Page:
SEBRING — “If you build it, they will come” found new use Wednesday during the fifth meeting for the M-CORES Southwest-Central Florida Connector.

This time, the phrase got used in reference to utilities and broadband, one of the multiple uses planned for the future route of the proposed Polk-to-Collier County toll road — which still has no set route.

At Wednesday’s meeting of the Multi-use Corridors of Regional Economic Significance (M-CORES) Task Force in Sebring, stakeholders in the project led their conversation with ruminations about how to improve rural access to the internet.

“The shortest distance between two points is a straight line,” said Mark Addison, community investment program manager for the Polk County Utilities Division and member of Wednesday’s presentation panel.

He urged stakeholders to view the proposed road not just as a transportation route but also a utility and recreation corridor.

One such utility that rural areas struggle to have is broadband internet. Bill Lambert, fellow panelist and director of the Hardee County Economic Development Council, said one hurdle his county had to overcome was the “last-mile provider” — the company or entity that would connect customers to the service.

Hardee County’s population density precludes installation of cable, Lambert said, so they used a fixed wireless system coupled with radio signals.

If the road goes through his county, Lambert said, they could have fiber optic cable in the corridor with connections to wireless routers that then relay the signal to towers downrange throughout the county.

Eric Labbe, fellow panelist and director of Economic Opportunity and Community Investment for Winter Haven, said it’s difficult to get small, local internet service providers to buy into such systems, because they don’t have funds to put their part of the system in place.

David Terry Brigman, panelist and former chief information officer and director of information technology for the city of Lakeland, suggested that the corridor study might provide a venue to build partnerships between state and local government to get broadband into extreme rural areas.

Glenn Little, vice president of Administrative Services for South Florida State College, told the panel the college’s campuses in Highlands and Hardee regularly struggle with internet access.

“We doubled the WiFi access on the Highlands campus. Within a day, it was all consumed,” Little said.

While broadband is essential to business, Little said, it’s crucial to training workers.

Bill Ferry of the Florida Internet and Television Association, asked the panel how they could get an internet provider to connect customers on that “last mile” given the advantages and disadvantages of using government lines and having to navigate regulations for installing their own equipment.

Lambert said he would prefer the service be provided and managed by private sector companies’ equipment, but suggested the toll road could provide the corridor to do it.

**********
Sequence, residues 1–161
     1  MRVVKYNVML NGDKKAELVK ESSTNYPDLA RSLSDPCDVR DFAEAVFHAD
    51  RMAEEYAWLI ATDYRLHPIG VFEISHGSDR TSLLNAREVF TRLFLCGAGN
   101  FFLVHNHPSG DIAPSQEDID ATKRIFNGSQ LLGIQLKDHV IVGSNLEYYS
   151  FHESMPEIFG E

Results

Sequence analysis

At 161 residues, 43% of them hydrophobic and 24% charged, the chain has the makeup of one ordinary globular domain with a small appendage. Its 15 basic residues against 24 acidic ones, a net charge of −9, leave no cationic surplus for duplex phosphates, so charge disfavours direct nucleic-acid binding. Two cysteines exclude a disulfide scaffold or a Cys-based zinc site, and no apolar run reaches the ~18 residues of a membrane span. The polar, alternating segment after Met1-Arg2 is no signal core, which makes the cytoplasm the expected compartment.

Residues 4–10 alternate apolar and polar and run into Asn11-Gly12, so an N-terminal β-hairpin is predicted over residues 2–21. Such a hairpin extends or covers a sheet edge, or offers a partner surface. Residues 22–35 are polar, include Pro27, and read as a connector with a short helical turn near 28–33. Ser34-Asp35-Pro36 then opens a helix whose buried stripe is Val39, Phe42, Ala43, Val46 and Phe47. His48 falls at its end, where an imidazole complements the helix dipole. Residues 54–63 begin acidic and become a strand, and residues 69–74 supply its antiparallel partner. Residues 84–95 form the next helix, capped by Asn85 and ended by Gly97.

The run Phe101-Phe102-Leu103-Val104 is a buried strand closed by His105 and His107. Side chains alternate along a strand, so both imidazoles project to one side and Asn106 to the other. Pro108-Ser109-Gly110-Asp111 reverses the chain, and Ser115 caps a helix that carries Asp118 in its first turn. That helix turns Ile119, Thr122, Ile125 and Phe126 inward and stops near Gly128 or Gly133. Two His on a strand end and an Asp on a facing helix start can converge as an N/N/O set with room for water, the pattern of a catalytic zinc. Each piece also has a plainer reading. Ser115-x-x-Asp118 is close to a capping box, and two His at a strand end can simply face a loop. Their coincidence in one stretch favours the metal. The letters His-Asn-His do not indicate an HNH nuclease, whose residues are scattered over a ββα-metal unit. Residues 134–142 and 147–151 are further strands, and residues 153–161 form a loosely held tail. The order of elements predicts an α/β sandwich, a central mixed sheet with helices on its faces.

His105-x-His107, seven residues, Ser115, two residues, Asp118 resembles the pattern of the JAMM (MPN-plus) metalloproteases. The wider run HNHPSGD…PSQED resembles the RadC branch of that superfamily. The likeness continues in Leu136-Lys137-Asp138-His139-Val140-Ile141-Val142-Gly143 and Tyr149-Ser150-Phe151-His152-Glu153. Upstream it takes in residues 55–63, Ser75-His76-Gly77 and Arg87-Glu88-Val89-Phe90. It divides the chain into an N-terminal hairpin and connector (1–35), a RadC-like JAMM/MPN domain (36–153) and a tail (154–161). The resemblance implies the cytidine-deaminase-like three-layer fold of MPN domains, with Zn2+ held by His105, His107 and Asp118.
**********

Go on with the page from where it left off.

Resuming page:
Elizabeth Fleming with Defenders of Wildlife suggested, since internet service depends on subscribers, that the roads might bring in the numbers of residents needed to secure the service.

Brigman said Lakeland offered to lease fiber optic lines in order to bring in internet providers, but even then the task was too “capital-intensive” for small providers to bring in the internet.

Labbe said Winter Haven, though not a large city, has transformed in the last 10-15 years into a “hub” for internet service in central Florida, which helped bring in providers.

“We’re fortunate that way,” Labbe said.

Task Force members also talked about water resources. Robert Ryall, associate vice president of Financial Services Practice Lead and a nationally-recognized consultant in financial and strategic planning for water and wastewater utilities, said the corridor could help some communities connect to nearby communities with larger water utilities.

It would provide efficiency of scale, he said.

If the smaller community wanted to divest of their water system and tap another community’s lines, they could redirect funds toward other expensive services such as public safety.

Highlands County Commission Chair Ron Handley remarked Wednesday that he and his fellow commissioners are eager to see how this corridor takes shape.

“We’re anxious to get to the day when we do have a route to discuss,” Handley said, according to an M-CORES social media post. “We have some ideas and preferences that would suit us well to the road. [FDOT] assures us it’s coming and we’re holding our breath waiting.”

Several future open house and workshop events are posted online at floridamcores.com/calendar-of-events.

The next local event for the Southwest-Central Florida Connector is March 26, an open house set for 5:30-7:30 p.m. at the Bert J. Harris Jr. Agricultural Center Auditorium at 4509 George Blvd. in Sebring, the same place as Wednesday’s meeting.